July 5, 2014 7:57 pm

Sask. premier asks feds for $100M advance for disaster assistance

After days of severe weather battering much of southeastern Saskatchewan, there is news of some relief.

Sean Lerat-Stetner / Global News

REGINA – After days of severe weather battering much of southeastern Saskatchewan, there is news of some relief.

The province announced water levels across Saskatchewan are rising slower than expected, but there are still challenges for people who live near lakes.

“It’s clear that some properties along the lake have seen significant damage,” said Duane McKay, commissioner of emergency management for Saskatchewan.

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This, after an embankment built on Highway 22 gave way, and unleashed more water into Crooked Lake Friday. Levels there, peaked overnight; tying with the highest ever recorded.

READ MORE: Crooked Lake residents desperate to save homes

Round Lake is also on the province’s radar, with levels expected to break records over the next two days.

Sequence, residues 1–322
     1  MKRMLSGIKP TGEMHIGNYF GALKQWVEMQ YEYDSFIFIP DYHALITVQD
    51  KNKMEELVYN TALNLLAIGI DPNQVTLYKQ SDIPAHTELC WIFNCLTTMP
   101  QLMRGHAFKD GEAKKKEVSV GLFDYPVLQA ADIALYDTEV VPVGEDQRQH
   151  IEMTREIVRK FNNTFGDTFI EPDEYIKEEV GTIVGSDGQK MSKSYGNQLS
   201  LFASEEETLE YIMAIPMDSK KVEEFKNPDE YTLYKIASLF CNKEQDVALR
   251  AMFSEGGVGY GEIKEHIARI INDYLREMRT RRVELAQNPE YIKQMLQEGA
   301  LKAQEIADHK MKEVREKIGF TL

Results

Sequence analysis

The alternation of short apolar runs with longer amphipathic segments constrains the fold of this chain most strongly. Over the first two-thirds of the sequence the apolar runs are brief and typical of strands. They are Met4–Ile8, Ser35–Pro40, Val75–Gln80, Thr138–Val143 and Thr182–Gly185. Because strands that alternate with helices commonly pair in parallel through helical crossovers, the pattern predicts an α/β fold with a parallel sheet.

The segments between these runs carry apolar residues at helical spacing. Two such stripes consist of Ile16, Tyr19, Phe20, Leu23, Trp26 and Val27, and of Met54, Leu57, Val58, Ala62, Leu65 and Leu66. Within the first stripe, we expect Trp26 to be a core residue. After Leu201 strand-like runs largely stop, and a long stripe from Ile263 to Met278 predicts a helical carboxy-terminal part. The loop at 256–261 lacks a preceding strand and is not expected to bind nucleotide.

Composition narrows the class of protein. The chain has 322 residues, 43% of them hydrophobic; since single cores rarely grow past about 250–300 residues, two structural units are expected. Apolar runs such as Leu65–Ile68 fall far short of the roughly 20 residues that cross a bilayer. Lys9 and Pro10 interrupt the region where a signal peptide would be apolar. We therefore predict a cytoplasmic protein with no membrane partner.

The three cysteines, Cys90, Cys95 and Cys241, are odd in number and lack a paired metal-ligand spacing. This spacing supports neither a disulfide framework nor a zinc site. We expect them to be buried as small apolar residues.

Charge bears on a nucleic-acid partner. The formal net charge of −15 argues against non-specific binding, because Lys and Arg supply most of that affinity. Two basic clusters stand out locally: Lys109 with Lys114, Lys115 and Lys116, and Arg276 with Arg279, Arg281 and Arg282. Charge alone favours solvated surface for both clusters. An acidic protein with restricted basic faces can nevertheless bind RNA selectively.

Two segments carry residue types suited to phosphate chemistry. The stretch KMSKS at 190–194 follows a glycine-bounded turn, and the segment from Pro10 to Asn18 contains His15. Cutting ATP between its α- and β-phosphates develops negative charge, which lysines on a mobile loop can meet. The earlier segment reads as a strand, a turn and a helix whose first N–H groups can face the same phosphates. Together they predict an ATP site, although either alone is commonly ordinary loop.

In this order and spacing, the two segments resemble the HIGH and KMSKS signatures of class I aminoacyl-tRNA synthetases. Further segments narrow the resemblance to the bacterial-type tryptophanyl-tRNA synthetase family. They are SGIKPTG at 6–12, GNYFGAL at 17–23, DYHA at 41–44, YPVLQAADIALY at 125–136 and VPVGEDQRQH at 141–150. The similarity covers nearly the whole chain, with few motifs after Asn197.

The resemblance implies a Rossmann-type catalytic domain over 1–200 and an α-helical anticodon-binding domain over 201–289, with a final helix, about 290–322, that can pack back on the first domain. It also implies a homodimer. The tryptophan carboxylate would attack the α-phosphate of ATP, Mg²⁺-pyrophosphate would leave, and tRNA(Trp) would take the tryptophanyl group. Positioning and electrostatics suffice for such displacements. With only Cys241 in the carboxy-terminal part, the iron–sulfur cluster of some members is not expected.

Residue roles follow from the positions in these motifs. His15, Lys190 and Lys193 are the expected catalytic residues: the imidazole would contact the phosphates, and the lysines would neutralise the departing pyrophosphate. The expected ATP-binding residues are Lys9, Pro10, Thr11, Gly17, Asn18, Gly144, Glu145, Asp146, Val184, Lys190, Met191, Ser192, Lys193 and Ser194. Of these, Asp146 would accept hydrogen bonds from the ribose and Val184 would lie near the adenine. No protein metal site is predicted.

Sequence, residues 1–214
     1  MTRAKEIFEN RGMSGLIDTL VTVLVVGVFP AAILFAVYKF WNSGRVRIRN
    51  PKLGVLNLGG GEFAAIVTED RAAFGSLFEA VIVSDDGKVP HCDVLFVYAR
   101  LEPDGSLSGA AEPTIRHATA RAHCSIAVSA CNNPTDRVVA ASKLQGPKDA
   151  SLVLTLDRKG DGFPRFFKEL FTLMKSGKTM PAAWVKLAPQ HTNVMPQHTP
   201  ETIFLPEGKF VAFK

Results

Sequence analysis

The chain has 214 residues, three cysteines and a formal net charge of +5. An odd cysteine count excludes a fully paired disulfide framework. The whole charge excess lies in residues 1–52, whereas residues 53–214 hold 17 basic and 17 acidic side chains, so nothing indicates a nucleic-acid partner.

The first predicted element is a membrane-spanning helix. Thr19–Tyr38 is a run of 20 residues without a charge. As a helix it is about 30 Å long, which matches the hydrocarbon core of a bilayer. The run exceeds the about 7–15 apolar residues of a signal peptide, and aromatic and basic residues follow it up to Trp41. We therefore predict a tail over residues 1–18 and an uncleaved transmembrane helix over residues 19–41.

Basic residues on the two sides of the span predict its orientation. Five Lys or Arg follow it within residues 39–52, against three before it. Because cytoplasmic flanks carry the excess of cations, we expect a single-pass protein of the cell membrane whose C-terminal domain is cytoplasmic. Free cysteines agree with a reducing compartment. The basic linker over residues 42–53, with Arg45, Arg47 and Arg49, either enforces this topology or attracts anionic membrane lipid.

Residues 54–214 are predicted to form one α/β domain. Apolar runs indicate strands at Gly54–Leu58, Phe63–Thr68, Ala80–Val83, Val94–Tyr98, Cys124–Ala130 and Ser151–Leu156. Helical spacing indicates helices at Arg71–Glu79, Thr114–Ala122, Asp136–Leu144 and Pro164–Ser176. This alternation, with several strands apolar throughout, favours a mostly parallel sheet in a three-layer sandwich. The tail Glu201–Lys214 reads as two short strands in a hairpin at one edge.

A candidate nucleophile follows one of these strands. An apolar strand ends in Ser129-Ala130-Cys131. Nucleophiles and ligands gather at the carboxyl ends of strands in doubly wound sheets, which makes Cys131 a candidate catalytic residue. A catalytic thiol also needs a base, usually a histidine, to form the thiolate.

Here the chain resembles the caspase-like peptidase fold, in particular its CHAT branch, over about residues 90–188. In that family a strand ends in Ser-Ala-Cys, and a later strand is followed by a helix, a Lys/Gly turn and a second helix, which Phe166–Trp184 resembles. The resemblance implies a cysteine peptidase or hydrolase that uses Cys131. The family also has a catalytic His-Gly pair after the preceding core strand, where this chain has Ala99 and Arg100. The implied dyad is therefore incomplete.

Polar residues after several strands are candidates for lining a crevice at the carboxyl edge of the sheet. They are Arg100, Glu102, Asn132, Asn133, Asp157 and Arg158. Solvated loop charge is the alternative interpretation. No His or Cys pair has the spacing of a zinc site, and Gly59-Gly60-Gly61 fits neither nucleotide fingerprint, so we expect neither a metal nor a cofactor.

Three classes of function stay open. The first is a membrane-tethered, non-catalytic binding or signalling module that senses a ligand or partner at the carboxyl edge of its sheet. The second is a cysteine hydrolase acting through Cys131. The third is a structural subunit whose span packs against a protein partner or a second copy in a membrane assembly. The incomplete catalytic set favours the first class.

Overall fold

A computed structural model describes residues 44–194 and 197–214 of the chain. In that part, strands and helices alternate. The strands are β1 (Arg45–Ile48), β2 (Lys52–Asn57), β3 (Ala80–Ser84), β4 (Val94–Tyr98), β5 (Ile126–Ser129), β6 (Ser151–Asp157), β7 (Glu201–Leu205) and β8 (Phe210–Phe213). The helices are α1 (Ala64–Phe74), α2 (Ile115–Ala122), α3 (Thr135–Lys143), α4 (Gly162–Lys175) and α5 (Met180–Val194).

All this excess water is also affecting drinking water in nine communities.

Melville was one of the first communities to declare a state of emergency last Sunday. It’s now the first to open up a regional recovery centre. About 200 people have used the centre so far.

Another centre is expected to open up for the Carnduff and Gainsborough area later next week.

Meanwhile, the 24/7 farm stress line has been converted to a flood stress line.

NEED TO KNOW: Important Saskatchewan flood contact numbers

“These are catastrophic events in the life of anyone, and so, while we were grateful on the physical health side for what we’ve seen in the aftermath here, you know the mental health issue is a concern,” said Premier Brad Wall Saturday morning.

Wall requested a $100 million advance on disaster relief from Prime Minister Stephen Harper – the same amount Saskatchewan received after the 2011 flooding.

The total damage is expected to cost at least $360 million.

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